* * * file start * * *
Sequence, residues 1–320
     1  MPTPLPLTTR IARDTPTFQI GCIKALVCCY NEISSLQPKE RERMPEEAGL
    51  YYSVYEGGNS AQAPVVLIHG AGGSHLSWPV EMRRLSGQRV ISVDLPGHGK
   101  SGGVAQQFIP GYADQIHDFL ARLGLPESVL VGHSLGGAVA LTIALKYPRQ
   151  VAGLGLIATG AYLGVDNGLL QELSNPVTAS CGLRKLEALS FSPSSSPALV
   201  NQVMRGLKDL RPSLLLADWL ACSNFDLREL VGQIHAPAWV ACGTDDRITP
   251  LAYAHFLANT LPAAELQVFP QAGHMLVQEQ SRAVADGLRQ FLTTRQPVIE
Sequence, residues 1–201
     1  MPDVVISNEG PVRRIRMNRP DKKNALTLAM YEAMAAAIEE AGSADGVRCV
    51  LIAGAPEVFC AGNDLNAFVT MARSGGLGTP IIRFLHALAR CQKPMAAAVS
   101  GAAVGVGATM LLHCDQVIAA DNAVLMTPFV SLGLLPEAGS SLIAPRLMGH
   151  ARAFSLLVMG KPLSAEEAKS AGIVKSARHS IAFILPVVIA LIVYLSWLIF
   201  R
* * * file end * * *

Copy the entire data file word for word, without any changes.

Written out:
Sequence, residues 1–320
     1  MPTPLPLTTR IARDTPTFQI GCIKALVCCY NEISSLQPKE RERMPEEAGL
    51  YYSVYEGGNS AQAPVVLIHG AGGSHLSWPV EMRRLSGQRV ISVDLPGHGK
   101  SGGVAQQFIP GYADQIHDFL ARLGLPESVL VGHSLGGAVA LTIALKYPRQ
   151  VAGLGLIATG AYLGVDNGLL QELSNPVTAS CGLRKLEALS FSPSSSPALV
   201  NQVMRGLKDL RPSLLLADWL ACSNFDLREL VGQIHAPAWV ACGTDDRITP
   251  LAYAHFLANT LPAAELQVFP QAGHMLVQEQ SRAVADGLRQ FLTTRQPVIE
Sequence, residues 1–201
     1  MPDVVISNEG PVRRIRMNRP DKKNALTLAM YEAMAAAIEE AGSADGVRCV
    51  LIAGAPEVFC AGNDLNAFVT MARSGGLGTP IIRFLHALAR CQKPMAAAVS
   101  GAAVGVGATM LLHCDQVIAA DNAVLMTPFV SLGLLPEAGS SLIAPRLMGH
   151  ARAFSLLVMG KPLSAEEAKS AGIVKSARHS IAFILPVVIA LIVYLSWLIF
   201  R